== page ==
MOJ wor­ries death-row in­mates may fake men­tal ill­ness


The Min­istry of Jus­tice (MOJ, ) is re­port­edly wor­ried that deathrow in­mates might feign men­tal ill­ness to es­cape pun­ish­ment, due to the MOJ’s de­ci­sion to post­pone the ex­e­cu­tions of two in­mates on the grounds of men­tal dis­or­der in the six con­tro­ver­sial ex­e­cu­tions that took place on June 5, the United Evening News has re­ported.

The six con­tro­ver­sial ex­e­cu­tions were car­ried out in the af­ter­math of na­tion­wide out­rage over the slay­ing of an eight-year-old school­girl. Prior to sen­tenc­ing, two of the in­mates orig­i­nally sched­uled for ex­e­cu­tion on June 5 were re­placed with other in­mates, as they were deemed men­tally in­ca­pac­i­tated.

Be­fore Jus­tice Min­is­ter Luo Ying-shay ( ) gave the ex­e­cu­tion or­der, in­ves­ti­ga­tion teams had be­gun prepara­tory pro­ce­dures for the ex­e­cu­tions with the aim of rul­ing out whether the death-row in­mates had ap­plied for ju­di­cial re­view, ex­tra­or­di­nary ap­peal or re­tri­als. The in­ves­ti­ga­tion teams then checked with the Pres­i­den­tial Of­fice as to whether the in­mates had been par­doned or were un­der­go­ing amnesty pro­ce­dures.

Ex­e­cu­tion war­rants were then is­sued for pris­on­ers who did not have a valid rea­son for avoid­ing the death penalty.

Heeded Int’l Re­ports

Two years ago, the MOJ in­vited in­ter­na­tional hu­man rights ex­perts to ex­am­ine Tai­wan’s Hu­man Rights Re­port.

The ex­perts con­cluded that Tai- wan should not ex­e­cute in­mates with men­tal or in­tel­lec­tual dis­abil­i­ties.

While the rec­om­men­da­tion was not bind­ing on the gov­ern­ment, the MOJ still de­cided to in­clude men­tal or in­tel­lec­tual dis­abil­i­ties among the fac­tors that could in­flu­ence a de­ci­sion not to is­sue an ex­e­cu­tion war­rant.

Ac­cord­ing to the Code of Crim­i­nal Pro­ce­dure Ar­ti­cle 465, un­less or­dered by the Supreme Court, death-row in­mates with men­tal or in­tel­lec­tual dis­abil­i­ties must not be ex­e­cuted un­til they are de­clared to be re­cov­ered by med­i­cal ex­perts.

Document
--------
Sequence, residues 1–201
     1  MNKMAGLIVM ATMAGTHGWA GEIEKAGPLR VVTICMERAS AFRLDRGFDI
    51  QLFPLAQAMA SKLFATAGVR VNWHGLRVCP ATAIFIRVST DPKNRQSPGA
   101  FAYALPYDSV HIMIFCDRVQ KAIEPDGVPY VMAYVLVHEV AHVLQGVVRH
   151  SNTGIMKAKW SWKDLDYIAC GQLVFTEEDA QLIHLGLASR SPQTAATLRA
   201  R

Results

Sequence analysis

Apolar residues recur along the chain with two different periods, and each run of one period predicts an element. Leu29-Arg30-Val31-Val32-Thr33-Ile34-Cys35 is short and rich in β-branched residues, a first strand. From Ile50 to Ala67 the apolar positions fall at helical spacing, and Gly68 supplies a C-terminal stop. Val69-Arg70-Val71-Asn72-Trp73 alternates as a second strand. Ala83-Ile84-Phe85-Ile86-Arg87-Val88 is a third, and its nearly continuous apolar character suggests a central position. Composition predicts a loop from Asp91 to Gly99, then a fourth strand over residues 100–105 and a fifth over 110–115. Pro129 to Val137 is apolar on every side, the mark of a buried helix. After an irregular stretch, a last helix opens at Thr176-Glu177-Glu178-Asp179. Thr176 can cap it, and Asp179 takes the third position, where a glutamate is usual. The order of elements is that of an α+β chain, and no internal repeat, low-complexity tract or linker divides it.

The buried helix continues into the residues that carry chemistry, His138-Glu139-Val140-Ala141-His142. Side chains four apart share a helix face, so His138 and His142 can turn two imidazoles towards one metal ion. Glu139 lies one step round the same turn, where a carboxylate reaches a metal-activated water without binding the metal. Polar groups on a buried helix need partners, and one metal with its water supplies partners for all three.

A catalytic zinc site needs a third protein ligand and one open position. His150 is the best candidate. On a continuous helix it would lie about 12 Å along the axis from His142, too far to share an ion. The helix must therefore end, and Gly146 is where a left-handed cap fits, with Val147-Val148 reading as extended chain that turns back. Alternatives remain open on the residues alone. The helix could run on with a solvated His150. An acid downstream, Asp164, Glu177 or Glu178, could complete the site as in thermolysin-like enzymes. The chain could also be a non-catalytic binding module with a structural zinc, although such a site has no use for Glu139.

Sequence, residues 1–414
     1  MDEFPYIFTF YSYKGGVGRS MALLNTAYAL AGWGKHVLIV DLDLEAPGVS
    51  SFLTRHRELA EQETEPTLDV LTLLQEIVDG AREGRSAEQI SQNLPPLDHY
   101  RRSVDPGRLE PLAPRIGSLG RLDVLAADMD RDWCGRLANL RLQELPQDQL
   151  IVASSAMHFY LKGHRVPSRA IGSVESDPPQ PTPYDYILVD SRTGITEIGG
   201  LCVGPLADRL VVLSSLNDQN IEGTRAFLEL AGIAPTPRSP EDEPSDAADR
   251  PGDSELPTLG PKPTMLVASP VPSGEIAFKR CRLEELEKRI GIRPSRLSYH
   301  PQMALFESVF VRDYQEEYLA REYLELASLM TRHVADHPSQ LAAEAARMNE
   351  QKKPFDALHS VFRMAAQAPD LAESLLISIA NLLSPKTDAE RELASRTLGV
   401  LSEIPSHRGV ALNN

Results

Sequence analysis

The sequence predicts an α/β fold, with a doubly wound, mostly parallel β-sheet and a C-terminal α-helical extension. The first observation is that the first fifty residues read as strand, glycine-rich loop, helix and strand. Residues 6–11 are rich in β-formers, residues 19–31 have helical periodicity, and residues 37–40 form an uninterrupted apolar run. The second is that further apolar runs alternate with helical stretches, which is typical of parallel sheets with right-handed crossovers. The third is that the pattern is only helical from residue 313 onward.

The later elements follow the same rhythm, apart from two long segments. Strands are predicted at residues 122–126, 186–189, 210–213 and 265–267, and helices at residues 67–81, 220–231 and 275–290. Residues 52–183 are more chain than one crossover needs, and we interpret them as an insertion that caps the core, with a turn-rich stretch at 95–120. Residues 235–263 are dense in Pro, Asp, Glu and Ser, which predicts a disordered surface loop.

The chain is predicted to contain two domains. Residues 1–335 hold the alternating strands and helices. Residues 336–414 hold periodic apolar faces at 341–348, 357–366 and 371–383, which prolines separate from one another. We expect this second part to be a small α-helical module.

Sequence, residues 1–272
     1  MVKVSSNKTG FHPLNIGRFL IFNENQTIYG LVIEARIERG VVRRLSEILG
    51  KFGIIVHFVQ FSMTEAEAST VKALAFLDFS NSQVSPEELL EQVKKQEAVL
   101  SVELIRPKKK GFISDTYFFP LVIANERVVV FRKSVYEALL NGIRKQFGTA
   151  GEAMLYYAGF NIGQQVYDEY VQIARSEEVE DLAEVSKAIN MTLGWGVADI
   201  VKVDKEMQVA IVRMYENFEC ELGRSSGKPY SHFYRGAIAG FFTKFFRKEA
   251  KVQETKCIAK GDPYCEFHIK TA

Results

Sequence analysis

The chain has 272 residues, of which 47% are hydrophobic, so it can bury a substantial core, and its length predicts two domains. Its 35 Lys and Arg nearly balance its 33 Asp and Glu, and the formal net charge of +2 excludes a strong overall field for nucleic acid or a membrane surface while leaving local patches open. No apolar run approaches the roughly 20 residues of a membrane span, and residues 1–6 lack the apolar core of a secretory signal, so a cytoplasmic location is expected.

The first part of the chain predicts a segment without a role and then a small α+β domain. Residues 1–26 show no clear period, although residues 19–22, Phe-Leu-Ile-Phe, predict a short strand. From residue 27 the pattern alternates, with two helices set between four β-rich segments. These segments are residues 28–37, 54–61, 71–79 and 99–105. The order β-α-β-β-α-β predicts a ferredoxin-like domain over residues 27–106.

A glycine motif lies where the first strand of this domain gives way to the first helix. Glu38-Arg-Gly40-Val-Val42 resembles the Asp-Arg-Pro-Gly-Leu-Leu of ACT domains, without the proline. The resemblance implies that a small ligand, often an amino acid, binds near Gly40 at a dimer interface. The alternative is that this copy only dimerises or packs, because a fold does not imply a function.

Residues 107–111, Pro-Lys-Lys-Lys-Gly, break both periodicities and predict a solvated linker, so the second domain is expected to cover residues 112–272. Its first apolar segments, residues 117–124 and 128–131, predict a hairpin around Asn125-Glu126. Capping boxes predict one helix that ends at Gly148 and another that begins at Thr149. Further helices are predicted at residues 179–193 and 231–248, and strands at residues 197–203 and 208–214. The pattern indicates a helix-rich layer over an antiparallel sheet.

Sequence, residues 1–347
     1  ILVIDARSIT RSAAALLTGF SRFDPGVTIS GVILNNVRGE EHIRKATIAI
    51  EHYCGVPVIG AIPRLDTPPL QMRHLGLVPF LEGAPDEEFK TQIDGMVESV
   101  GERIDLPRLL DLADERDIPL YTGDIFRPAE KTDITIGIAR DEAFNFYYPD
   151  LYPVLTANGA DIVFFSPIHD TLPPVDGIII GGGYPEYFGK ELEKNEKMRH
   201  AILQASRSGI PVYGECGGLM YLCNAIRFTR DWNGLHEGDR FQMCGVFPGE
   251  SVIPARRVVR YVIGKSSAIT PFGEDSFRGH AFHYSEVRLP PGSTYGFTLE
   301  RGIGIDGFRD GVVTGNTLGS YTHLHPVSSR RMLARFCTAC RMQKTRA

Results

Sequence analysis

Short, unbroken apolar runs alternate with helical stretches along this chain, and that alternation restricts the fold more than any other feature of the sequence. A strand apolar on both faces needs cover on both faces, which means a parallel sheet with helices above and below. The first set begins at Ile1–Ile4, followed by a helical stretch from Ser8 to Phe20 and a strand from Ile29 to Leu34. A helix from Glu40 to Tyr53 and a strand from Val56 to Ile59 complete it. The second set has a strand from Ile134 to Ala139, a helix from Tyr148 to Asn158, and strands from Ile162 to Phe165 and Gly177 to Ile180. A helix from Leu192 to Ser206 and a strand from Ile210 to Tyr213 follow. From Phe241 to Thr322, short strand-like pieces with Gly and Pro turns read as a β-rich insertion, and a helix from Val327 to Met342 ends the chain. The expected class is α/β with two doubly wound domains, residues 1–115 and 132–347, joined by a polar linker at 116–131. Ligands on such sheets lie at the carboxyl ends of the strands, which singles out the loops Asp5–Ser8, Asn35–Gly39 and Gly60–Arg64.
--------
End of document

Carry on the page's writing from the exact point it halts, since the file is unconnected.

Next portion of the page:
It was re­ported that the prepara­tory pro­ce­dures for the ex­e­cu­tions of the six death-row in­mates be­gan in April, and the killing of the school­girl in­ci­dent oc­curred co­in­ci­den­tally dur­ing the fi­nal stages of the in­spec­tion.

The MOJ in­ves­ti­ga­tion team in­ves­ti­gated the orig­i­nal six in­mates who were to be ex­e­cuted on June 5, but found that one of them claimed to be suf­fer­ing from a men­tal ill­ness, while another had un­der­gone treat­ment with a psy­chi­a­trist. The MOJ sub­se­quently opted to post­pone ex­e­cu­tion on the two in­mates and sub­sti­tuted two other deathrow in­mates to be ex­e­cuted.

Low-pro­file MOJ

The UEN news re­port claims that the MOJ has been wary of advertising the fact that those suf­fer­ing from men­tal or in­tel­lec­tual dis­abil­i­ties could be el­i­gi­ble for a post­pone­ment of their ex­e­cu­tion. The UEN claims the MOJ is wor­ried that other death-row in­mates could feign a dis­abil­ity in or­der to avoid the death penalty.

How­ever, MOJ of­fi­cials have said that it is not dif­fi­cult to un­cover in­ci­dents of feigned men­tal or in­tel­lec­tual ill­nesses be­cause of ad­vances in med­i­cal di­ag­noses. Those who have a ver­i­fi­able men­tal or in­tel­lec­tual ill­ness re­main ex­empt from the death penalty.

Taxpayers pay for the psy­chi­atric as­sess­ment pro­ce­dures. For ex­am­ple, the New Taipei City Pros­e­cu­tor’s Of­fice had to pay ap­prox­i­mately NT$300,000 in as­sess­ment test­ing fees for MRT mur­derer Cheng Chieh ( ) in last year’s MRT stab­bing in­ci­dent.

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